Wednesday, 21 March 2012

The Birth of Modern Teratology

What follows is an excerpt from a British Review Article on M. Isidore Geoffroy St. Hilaire's General and particular History of Anomalies of Organization in Man and Animals which appeared in The British And Foreign Medical Review (Vol 8, No. 15) July, 1839.

Histoire générale et particulière des Anomalies de l'Organisation chez l'Homme et les Animaux, outrage comprenant des Recherches sur les Caractères, la Classification, etc. des Monstruosités. Par M. Isidore Geoffroy Saint Hilaire, M.D., &c. &c.—Paris, 1832-36. Trois Tomes, avec Atlas. 8vo, pp. 746, 571, 618.

A general and particular History of Anomalies of Organization in Man and Animals, comprising Researches into the Characters, Classification, &c. of Monstrosities. By M. Isidore Geoffroy St. Hilaire, M.dD, &c. &c—Paris, 1832-36. 3 Vols. 8vo, with an Atlas.

Although some years have elapsed since the greater portion of the work before us was published, yet, as no sufficient account of it has hitherto appeared in our language, we think it important that our readers should no longer be deprived of the highly interesting and valuable information it contains, and shall therefore now present them with an analysis of it. In executing our task we shall confine ourselves almost exclusively to the exposition of the author's views; introducing our own opinions but sparingly, even when they are at variance with those maintained in the original treatise. On some future occasion we may take up the whole subject fundamentally; our present object being rather to supply facts than to criticise doctrines.

The object of M. St. Hilaire's work is to give a complete history of the subject of monstrosities: under which name all the various congenital irregularities of form and structure, occasionally met with in man and animals, are generally included. The author has collected together a great number of facts, relating to the different forms and degrees of anomaly, which he has systematically arranged in classes, orders, &c.; and he has afterwards endeavoured to establish the laws and general relations to which all the individual facts may be referred. He has shown how these laws and these relations are themselves only derived from the common laws of organization, and how, among the numerous theories of the formation and growth of animals which have been proposed in modern times, those which are not applicable to anomalous cases are also inapplicable to normal facts in general, and ought to be rejected; and many principles, on the contrary, but slightly established at present by the study of natural facts, find in the phenomena of monstrosities complete elucidation. M. Isidore St. Hilaire has also pointed out that this subject embraces all the conditions of organization in the various classes of organized beings, and that there is scarcely any general fact, auy anatomical or physiological law, on which it does not throw light and either confirm or disprove. Thus the necessary consequence of an exact and profound knowledge of anomalies will be, that the study of normal and abnormal facts, intimately associated together, will lend to each other a mutual and powerful support.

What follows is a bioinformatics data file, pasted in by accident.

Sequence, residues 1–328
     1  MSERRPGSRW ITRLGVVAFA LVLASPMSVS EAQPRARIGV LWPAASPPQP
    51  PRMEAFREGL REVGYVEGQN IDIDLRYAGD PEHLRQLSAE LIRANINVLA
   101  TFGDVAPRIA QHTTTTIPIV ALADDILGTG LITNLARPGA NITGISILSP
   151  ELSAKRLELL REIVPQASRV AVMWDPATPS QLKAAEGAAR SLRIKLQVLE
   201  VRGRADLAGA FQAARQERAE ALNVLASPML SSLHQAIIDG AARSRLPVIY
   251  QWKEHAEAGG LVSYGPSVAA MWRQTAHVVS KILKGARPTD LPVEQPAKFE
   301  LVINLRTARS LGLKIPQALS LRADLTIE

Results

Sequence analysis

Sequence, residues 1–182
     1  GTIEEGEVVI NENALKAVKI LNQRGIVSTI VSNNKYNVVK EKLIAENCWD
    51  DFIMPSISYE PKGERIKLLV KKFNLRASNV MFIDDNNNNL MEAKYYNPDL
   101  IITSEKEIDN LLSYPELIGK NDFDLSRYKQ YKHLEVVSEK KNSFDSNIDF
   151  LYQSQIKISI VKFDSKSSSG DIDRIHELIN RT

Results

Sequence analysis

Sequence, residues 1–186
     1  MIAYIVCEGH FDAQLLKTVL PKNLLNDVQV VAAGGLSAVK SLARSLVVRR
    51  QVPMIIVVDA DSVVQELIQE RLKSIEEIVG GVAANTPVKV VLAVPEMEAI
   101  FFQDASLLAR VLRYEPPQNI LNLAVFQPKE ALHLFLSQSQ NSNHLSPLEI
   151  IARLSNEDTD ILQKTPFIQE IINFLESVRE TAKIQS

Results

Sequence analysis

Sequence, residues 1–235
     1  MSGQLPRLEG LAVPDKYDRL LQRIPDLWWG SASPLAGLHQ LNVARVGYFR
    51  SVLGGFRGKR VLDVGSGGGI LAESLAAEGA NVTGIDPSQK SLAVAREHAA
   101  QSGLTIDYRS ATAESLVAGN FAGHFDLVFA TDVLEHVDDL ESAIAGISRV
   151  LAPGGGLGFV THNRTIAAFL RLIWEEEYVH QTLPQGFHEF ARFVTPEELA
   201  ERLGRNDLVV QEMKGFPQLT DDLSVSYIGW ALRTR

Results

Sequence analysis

A vast collection of most valuable materials on this subject may be found scattered through various publications on natural and medical science; but before the younger St. Hilaire (who has largely profited by his father's labours) undertook the task of collecting them, there existed no modern work which professed to give a complete and separate account of the various anomalies of organization, such as might serve as a textbook, and for the purposes of reference, in which all the varieties of monstrosity which have been met with should be recorded, as well as the opinions of different writers on their nature and causes.

Our author thinks that the consideration of the various kinds of monstrosity, with the laws and causes of their formation, should form a distinct branch of science, and should be treated of separately from pathological or general anatomy and physiology, embryology, or zoology; with all of which they have a very close connexion, and together with some of which they have mostly been described. To this particular subject which M. Isidore St. Hilaire has thus isolated from the sciences by which it is surrounded, he has proposed that the name of Teratology* should be given, which he considers preferable to the old denomination of monstrosities, the term which was previously given to all kinds of congenital malformation. Our author's views as to the separate place which Teratology should hold in science are supported by Meckel, who supposes that the various species of monstrous formation compose a series rising by regular gradations, from the natural shape to the most unnatural deformity: and that the intermediate steps are not constituted by single or individual cases, but that every variety of monstrous formation is accurately repeated in other individuals; so that, in fact, a separate and independent kingdom of monsters might be established.